Paragraph 43 - the Minister declares that he has no intention of interfering with drag hunting, which is simply an equestrian sport. A very similar activity, the hunting of carted deer is practised in Northern Ireland and used to be practised in England. In this activity a park-raised deer is used as the quarry in much the same way as a human runner is used in drag hunting and at the end of the day is caught up and returned unharmed to the home park from whence it came. Logically if this activity were again to be practised in England and Wales it would be exempted on the same grounds as for drag hunting since, as stated above, it is now generally accepted that there are no lasting adverse effects of pursuit per se on deer.
Appendix 1 - Summary of a multiple Red deer wounding incident at Bowbier Hill, near Bampton, Devon on 2nd February 2001
Location: Farm owned by Mr.T.A.H.Yandle of Riphay Barton, Dulverton, Somerset.
Persons involved: Initially Mr.Yandle and a Belgian stalker Mr.Baeten, aged about 25 years. Later witnesses included: Mr.T.E.H.Yandle (son of TAHY), Ms.Selinde Moolenburgh (Dutch visitor to the Yandles), two or more policemen summoned by TAHY, two further unnamed Belgians, friends of Mr.Baeten, Mr.Meyrick Griffith- Jones, organiser of the shooting party and Mr.M.C.Clark (friend of TAHY)
Police reference: Incident no.1066, 1800h, Tiverton Police station, PC Holwell.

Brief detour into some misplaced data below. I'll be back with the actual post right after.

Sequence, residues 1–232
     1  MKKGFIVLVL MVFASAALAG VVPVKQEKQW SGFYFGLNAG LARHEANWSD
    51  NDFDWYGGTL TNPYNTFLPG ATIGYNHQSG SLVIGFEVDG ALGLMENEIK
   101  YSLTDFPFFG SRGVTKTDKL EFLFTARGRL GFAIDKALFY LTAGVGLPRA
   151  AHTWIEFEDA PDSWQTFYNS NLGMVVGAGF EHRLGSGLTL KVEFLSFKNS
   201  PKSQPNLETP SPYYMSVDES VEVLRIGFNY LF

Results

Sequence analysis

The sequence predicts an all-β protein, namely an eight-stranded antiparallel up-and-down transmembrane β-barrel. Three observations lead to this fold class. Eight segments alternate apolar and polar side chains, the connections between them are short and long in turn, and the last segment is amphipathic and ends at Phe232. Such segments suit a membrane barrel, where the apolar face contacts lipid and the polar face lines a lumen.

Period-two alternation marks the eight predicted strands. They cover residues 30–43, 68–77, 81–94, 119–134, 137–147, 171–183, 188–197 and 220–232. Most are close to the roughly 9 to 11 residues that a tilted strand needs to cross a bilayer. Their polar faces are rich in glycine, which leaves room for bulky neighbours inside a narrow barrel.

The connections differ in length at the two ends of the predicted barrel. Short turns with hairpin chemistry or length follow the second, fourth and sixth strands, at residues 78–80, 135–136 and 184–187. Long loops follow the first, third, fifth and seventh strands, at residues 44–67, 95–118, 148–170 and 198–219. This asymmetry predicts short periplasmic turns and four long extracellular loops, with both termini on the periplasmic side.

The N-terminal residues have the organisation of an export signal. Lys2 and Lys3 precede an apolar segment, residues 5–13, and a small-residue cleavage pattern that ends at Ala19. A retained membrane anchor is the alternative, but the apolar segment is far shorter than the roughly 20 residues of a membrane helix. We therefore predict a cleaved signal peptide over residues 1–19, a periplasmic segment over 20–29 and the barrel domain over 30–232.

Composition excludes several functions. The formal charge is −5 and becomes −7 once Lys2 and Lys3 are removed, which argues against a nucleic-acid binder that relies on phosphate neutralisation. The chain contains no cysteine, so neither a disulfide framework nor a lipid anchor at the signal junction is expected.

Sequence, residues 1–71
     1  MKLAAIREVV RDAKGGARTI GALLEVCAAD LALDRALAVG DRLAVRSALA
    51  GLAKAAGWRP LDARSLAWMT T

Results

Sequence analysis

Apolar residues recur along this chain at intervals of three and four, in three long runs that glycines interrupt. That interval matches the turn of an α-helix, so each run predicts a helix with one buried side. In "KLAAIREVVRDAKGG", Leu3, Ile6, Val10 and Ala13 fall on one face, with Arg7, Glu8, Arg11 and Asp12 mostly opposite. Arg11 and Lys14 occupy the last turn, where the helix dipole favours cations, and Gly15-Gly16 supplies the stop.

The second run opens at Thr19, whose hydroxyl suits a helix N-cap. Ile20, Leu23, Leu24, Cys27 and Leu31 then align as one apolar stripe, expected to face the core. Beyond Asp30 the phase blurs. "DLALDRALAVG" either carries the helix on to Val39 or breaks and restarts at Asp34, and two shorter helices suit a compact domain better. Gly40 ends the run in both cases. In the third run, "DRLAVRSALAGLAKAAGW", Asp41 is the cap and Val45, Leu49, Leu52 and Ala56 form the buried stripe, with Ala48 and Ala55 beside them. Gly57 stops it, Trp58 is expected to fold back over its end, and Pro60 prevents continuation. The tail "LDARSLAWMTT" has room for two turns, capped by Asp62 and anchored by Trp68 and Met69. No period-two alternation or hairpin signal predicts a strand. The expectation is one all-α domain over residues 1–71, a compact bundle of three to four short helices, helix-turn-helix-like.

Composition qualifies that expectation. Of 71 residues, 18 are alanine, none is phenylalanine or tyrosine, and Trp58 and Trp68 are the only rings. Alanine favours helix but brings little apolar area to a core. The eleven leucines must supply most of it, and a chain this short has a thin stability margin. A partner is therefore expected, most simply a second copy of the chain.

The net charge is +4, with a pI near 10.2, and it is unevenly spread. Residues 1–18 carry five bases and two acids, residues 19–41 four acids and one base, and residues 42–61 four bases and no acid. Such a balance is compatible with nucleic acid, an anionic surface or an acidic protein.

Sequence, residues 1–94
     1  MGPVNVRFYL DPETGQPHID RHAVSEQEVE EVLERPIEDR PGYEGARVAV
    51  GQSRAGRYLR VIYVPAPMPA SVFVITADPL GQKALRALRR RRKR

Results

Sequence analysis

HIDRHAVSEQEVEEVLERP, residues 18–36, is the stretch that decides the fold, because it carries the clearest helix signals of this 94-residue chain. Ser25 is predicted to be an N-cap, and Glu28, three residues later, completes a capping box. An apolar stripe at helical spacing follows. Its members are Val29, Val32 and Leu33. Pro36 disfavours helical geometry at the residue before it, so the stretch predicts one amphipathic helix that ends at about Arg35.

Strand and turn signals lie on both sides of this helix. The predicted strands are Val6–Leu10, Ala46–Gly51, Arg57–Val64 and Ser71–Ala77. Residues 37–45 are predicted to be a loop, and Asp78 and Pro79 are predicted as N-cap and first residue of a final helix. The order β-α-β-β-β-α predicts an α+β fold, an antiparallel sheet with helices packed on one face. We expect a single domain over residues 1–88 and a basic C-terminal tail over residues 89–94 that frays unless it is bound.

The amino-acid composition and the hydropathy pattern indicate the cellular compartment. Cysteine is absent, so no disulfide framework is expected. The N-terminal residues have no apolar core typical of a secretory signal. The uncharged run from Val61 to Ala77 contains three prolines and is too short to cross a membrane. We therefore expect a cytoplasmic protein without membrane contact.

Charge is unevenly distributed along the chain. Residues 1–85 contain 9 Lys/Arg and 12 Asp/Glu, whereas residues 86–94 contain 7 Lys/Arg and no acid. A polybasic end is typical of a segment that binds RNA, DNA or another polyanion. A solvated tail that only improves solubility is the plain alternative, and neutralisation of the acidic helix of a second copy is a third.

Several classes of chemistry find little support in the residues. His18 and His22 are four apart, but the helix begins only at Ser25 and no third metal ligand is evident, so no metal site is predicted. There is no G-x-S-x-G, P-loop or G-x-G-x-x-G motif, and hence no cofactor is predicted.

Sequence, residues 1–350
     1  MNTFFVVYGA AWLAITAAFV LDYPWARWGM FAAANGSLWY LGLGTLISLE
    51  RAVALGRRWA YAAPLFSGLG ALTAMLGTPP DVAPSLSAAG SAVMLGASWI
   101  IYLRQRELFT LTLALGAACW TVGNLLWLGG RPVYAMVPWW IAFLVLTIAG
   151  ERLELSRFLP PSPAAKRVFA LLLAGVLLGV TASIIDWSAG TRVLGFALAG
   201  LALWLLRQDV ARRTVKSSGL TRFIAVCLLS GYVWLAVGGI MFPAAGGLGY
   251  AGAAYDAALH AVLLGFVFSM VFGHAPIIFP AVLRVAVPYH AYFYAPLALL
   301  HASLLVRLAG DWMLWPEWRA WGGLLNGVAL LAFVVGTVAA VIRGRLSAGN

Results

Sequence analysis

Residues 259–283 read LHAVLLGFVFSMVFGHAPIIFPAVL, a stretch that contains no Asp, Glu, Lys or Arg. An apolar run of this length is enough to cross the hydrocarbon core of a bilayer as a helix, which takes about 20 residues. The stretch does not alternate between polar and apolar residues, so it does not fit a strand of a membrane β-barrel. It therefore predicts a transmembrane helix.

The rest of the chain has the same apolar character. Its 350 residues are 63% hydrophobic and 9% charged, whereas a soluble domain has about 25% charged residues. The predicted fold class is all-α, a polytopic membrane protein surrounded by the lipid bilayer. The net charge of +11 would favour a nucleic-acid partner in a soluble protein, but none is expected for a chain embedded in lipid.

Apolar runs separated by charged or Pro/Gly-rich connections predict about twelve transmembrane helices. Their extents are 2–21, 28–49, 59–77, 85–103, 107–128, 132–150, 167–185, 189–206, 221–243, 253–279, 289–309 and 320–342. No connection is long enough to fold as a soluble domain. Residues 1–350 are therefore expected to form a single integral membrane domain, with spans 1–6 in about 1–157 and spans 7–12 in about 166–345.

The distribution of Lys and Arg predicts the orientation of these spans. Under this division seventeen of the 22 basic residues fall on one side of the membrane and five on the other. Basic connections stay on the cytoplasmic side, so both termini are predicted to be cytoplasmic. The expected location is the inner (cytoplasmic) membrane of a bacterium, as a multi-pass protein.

The incident: At approximately 1630h on 2nd February 2001 Mr.Yandle was feeding stock on Bowbier Hill Farm and noticed a Red deer stag on the skyline in obvious difficulty. As he drove over to investigate a shot rang out and the stag fell down. A man (Mr.Baeten) emerged from the bushes carrying a high velocity rifle and was apprehended by Mr.Yandle. Three further deer were sitting up wounded within 100 yards of the stag; two, a mature hind and a calf got up and moved away when approached, the third, another calf, remained down. Mr.Yandle drove himself and the stalker to his farmhouse from where he summoned the police. He then returned to Bowbier Hill Lane with his son and Ms.Moolenburgh, met with the police and the other persons listed above. He then left the group taking his son, Mr.Clark and Ms. Moolenburgh back to the scene of the shooting to dispatch the wounded animals.